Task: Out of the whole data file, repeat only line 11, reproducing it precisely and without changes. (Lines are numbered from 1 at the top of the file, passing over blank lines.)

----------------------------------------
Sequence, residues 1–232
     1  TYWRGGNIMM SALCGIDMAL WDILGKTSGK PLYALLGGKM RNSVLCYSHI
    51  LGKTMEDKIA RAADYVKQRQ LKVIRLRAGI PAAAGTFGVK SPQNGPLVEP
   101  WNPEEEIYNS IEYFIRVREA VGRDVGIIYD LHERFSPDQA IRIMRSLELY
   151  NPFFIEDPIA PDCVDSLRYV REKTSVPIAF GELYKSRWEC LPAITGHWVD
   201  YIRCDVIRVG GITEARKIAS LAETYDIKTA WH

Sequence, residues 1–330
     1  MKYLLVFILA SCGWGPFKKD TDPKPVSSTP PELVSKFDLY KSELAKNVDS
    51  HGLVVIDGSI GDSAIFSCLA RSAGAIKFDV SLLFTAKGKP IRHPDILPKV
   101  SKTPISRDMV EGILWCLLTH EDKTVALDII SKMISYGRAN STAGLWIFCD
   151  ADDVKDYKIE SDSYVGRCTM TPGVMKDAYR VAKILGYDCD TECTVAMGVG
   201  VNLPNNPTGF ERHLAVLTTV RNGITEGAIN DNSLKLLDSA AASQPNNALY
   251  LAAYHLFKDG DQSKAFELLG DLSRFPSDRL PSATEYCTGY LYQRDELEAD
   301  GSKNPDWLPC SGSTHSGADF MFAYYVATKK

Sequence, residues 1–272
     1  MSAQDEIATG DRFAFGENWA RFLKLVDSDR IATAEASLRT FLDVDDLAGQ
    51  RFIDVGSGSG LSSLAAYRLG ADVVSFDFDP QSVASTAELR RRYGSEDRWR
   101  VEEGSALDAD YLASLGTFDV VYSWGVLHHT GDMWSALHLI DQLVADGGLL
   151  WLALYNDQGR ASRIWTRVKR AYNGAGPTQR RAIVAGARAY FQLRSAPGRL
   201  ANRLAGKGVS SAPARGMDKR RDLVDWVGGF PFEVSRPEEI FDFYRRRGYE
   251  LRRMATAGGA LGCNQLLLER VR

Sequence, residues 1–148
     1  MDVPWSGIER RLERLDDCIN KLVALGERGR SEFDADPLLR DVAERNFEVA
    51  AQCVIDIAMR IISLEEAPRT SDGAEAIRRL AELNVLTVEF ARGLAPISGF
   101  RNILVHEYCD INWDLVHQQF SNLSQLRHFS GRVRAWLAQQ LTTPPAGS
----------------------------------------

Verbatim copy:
   151  ADDVKDYKIE SDSYVGRCTM TPGVMKDAYR VAKILGYDCD TECTVAMGVG